Reggie Wayne (39 receptions, 531 yards, 2 TD) and
Dallas Clark (31 receptions, 295 yards, 3 TD), who look as good as they ever have. Heck, even guys who haven’t been in the limelight have come up huge, like
Austin Collie (37 receptions, 446 yards, 5 TD). Even the running game with
Joseph Addai (278 yards, 2 TD, 1 fumble) has been adequate. So why aren’t we getting what we expected from the Colts? Blame
Dwight Freeney (9 tackles, 3 sacks),
Robert Mathis (19 tackles, 4 sacks) and the Colts’ defense. They can’t seem to generate any defensive pressure unless their opponent has already been outscored 21-0 by the Colts’ offense and forced to pass on every down.

Donovan McNabb
(1,315 yards, 4 TD, 3 INT) and the Washington Redskins aren’t exactly what we expected this season either. Perennial cellar-dwellers in the NFC East, the Redskins sit atop their division and have already beaten two divisional opponents in the first five weeks. McNabb has thrown almost as many interceptions as touchdowns, which is unlike his play for Philadelphia, but he’s been more dangerous as a running threat than in years past.
Clinton
Portis (195 yards, 2 TD) is out for several weeks, but youngster
Ryan Torain (156 yards, 1 TD) has been solid in backup.
Santana Moss (29 receptions, 408 yards, 1 TD) is playing well and
Chris Cooley (23 receptions, 303 yards, 2 TD) is having a spike in production now that he has a quarterback who knows how to look for his tight end.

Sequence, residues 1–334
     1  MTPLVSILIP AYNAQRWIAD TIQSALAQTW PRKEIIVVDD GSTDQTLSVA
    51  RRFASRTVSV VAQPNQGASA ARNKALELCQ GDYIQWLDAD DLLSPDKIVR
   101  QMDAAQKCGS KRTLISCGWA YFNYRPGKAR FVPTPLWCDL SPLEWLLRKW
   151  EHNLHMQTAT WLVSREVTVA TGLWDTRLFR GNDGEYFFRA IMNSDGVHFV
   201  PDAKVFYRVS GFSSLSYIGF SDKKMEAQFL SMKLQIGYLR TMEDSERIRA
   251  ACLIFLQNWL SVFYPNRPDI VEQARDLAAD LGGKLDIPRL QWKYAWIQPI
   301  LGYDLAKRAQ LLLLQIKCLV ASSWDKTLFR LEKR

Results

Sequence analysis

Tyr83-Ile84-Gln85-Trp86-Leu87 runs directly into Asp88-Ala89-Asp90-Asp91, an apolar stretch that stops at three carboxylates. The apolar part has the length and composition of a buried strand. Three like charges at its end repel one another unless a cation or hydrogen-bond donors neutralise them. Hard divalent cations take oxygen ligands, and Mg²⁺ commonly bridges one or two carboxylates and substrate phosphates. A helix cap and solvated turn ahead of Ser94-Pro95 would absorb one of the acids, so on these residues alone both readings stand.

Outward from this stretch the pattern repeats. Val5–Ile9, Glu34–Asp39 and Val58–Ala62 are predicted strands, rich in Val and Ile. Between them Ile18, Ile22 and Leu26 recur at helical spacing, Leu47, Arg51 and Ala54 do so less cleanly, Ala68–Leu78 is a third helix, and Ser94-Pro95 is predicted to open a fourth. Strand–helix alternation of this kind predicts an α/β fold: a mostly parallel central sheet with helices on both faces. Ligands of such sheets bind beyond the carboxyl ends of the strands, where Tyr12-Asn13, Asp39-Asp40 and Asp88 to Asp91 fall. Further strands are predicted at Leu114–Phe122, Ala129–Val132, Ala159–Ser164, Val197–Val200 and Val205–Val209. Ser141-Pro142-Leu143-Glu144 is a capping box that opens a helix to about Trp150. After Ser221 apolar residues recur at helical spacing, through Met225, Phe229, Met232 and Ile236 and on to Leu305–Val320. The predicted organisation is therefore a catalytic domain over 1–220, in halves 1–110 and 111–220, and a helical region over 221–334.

The Washington defense isn’t what we expected, either – it’s not even what common sense would predict. The Redskins rank dead last in the league in yardage giving up a horrific 410.2 yards per game, but yet they are in the Top 10 in scoring defense, holding teams to a paltry 18.4 points per contest. When your top tacklers are safety
LaRon
Landry (52 tackles, 1 sack, 1 INT) and cornerback
DeAngelo Hall (46 tackles, 1 INT), you would expect the defense to be a huge problem. But, surprisingly, the   Redskins defense has been one of their saving graces this year – even if they are a fantasy defensive yardage-league nightmare.

Well, we didn’t expect either of these teams to be 3-2 at this point in the season, and we didn’t expect the Colts to be near the bottom of the AFC South while the Redskins lead the always competitive NFC East. We didn’t think the play of the Indianapolis defense would be totally dependent on their offense’s performance, and we didn’t think Washington could allow people to gain yardage in alarming numbers, but somehow, turn into one of the NFL’s best squads around the goal line. And, no one would have expected this matchup to be one of the one’s we can’t miss this weekend, but there you have it. While this game might not be the hot matchup with your high school crush you wanted, the end result will be a fun, entertaining, and exciting evening – exactly what we look for in a “Game to Watch.”

About Fantasy Sharks

FantasySharks.com began in 2003, disseminating fantasy football content on the web for free. It is, or has been, home to some of the most talented and best known fantasy writers on the planet. Owned and operated by Tony Holm (5 time Fantasy Sports Writer Association Hall-of-Fame nominee,) Tony started writing fantasy content in 1993 for the only three fantasy football web sites in existence at the time.